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Posted

[quote name='Aergan' timestamp='1356624482' post='595418096']
The earliest machine I could find at work that would take Hyper-V 2012 was a Core 2 Quad Q9550 (2.83Ghz) on Intel X38 Express Chipset. Some older C2D/C2Q CPU's support it but the chipsets don't.
On AMD, Phenom or newer seems fine (I run a Phenom X4 2.2Ghz B3 at home with Server 2012 & Hyper-V 2012) but I hear B2 steppings and earlier are broken by mistake.
[/quote]

Actually any Core 2 Quad will, as *all* support at least VT-x - the same is true of most Core 2 Duos (E6xxx/E8xxx and above) and *all* Celeron DC E3xxx (again, all the preceding support VT-x) as long as the chipset is from Intel's 3-series or newer (the exception, weirdly enough, is G31 - AKA Bear Lake; G41 - AKA Eagle Lake, the successor to Bear Lake, explicitly supports VT-x) - my Windows 8 computer dual-boots Server 2012 (which is the core of my virtualization lab) because of no SLAT support in the Q6600.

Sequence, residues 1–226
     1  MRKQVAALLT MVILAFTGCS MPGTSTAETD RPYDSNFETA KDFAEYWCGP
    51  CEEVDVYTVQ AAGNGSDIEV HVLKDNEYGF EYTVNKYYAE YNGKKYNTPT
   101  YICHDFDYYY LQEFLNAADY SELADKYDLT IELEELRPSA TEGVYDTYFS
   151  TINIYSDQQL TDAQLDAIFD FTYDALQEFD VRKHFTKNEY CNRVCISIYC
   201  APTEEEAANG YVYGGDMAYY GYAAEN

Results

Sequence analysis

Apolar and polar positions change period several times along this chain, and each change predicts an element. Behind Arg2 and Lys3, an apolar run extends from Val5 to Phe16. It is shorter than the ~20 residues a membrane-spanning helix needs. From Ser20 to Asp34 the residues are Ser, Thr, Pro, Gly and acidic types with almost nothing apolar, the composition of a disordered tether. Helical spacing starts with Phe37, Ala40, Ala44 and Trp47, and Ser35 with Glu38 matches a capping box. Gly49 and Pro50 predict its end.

[quote name='TPreston' timestamp='1360339666' post='595510026']
I was the same, You just add them to a windows 8 computer using the server manager and you can use the hyperv tools as if you were on the full gui version.
[/quote]

If I were running i5-3570K (which supports SLAT) I'd simply run Hyper-V in Windows 8; however, due to lack of SLAT/EPT with Q6600, I need a server OS, and my choices were Server 2008 or newer or Hyper-V Server. (I don't have a second box.)